Pirates of The Caribbean: Curse of The Black Pearl

8 out of 10


Adult-Oriented Disney

Set in the Caribbean as the title suggests, the film begins on board a ship sailing from England, which comes upon the wreckage of another vessel and its lone survivor- a young boy named Will Turner. With the rest of the crew on the watch for pirates, Will is left to the care of an equally young Elizabeth Swan, the daughter of a local governor whom he is immediately smitten with. Years later, a rather older Will Turner, having become a talented but unappreciated blacksmith and played by Orlando Bloom, still holds his love for Elizabeth, who is now played by Keira Knightley, but is unable to express it. When Elizabeth is rescued and then threatened by the notorious- and notoriously ineffectual- pirate Captain Jack Sparrow (Johnny Depp), who then takes refuge from pursuing soldiery in Will's smithy, will is instrumental in his capture. However, on the night before Jack is to be hanged, the city is attacked by murderous pirates in a mysterious ship called the Black Pearl. With Elizabeth taken prisoner, and the military unwilling to help, Will finds he has no choice but to join forces with the pirate captain in a desperate bid to save her. With a stolen warship crewed by misfits, Will and Jack set out for what Jack is certain to be the Pearl's destination- an island that cannot be found, except by those who already know where it is.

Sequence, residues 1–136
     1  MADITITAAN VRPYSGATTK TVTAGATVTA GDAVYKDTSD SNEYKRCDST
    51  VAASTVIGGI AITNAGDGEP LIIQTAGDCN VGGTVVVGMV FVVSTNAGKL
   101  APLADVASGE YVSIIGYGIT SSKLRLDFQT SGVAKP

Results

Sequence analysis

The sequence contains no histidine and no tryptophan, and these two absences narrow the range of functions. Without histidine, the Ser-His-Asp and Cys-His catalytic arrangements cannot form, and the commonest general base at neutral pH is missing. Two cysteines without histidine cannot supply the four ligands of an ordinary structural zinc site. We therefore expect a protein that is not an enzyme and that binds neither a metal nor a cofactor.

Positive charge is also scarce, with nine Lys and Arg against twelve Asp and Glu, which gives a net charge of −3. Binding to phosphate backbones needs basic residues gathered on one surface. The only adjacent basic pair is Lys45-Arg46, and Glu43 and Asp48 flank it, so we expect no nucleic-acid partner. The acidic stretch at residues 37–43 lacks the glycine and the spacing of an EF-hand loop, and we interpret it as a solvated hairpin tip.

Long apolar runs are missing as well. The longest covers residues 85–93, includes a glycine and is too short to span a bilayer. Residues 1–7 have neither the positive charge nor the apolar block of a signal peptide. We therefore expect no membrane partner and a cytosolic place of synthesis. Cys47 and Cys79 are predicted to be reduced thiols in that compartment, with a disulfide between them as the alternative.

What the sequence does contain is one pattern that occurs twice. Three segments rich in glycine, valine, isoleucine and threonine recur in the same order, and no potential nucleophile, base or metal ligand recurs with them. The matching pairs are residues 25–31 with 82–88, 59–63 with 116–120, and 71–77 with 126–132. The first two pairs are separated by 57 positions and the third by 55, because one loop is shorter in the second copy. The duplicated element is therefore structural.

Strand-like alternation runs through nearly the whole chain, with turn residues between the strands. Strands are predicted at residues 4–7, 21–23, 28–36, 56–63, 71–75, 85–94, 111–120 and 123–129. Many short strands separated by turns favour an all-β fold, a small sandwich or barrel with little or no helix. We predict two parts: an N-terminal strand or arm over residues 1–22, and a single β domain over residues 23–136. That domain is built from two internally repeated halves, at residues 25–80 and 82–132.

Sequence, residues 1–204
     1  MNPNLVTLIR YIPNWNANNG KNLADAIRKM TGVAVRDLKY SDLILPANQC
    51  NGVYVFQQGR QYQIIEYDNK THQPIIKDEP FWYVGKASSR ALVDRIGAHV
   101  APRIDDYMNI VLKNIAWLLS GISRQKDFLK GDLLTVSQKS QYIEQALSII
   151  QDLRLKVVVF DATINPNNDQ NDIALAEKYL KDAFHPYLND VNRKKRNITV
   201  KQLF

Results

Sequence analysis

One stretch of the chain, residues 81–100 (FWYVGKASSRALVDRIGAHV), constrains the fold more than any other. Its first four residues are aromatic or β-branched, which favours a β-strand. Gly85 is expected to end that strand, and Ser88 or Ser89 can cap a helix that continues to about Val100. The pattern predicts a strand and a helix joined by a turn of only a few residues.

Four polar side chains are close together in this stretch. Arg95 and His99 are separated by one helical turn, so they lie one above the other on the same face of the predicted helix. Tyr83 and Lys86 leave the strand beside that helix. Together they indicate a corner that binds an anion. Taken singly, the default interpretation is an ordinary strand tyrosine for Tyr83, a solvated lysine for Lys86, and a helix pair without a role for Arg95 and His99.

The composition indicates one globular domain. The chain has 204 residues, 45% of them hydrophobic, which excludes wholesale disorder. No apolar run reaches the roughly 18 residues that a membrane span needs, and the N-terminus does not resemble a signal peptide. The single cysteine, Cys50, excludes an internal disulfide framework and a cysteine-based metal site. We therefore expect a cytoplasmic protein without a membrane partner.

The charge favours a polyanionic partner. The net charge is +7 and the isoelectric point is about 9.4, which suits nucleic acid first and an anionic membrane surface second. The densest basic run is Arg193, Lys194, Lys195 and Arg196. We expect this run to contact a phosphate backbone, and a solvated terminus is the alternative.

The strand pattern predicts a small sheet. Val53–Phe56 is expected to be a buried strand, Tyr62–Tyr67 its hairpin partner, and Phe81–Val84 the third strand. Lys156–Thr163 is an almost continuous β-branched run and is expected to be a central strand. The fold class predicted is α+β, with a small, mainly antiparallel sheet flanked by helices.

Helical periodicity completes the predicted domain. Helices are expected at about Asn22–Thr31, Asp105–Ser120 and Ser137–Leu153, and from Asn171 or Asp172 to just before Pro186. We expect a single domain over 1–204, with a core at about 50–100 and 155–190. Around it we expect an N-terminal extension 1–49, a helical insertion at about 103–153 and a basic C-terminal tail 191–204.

More adult-oriented than most of Disney's films, it still manages to maintain a light tone by not taking itself too seriously. If it had been made as a 'serious' movie with the same premise, it would have been very easy for it to turn into a real horror flick. It does have some scarier moments- it's about animate skeletons after all- as well as a good deal of swordplay. Not for the very young, but slightly older children, as well as the child in us all, will enjoy this swashbuckling adventure.

I think that Will is intended to be seen as the hero of the story, but from the start Johnny Depp steals the show. The name of Jack Sparrow may not be one to inspire a great deal of terror, but his antic overconfidence infuses the film with a lightness and humor which are part of what makes this film one of the best I have seen in a long time. There are far too few films of this caliber being made these days.

A rare film of this calibre

Film Critic: Bronwynn Erskine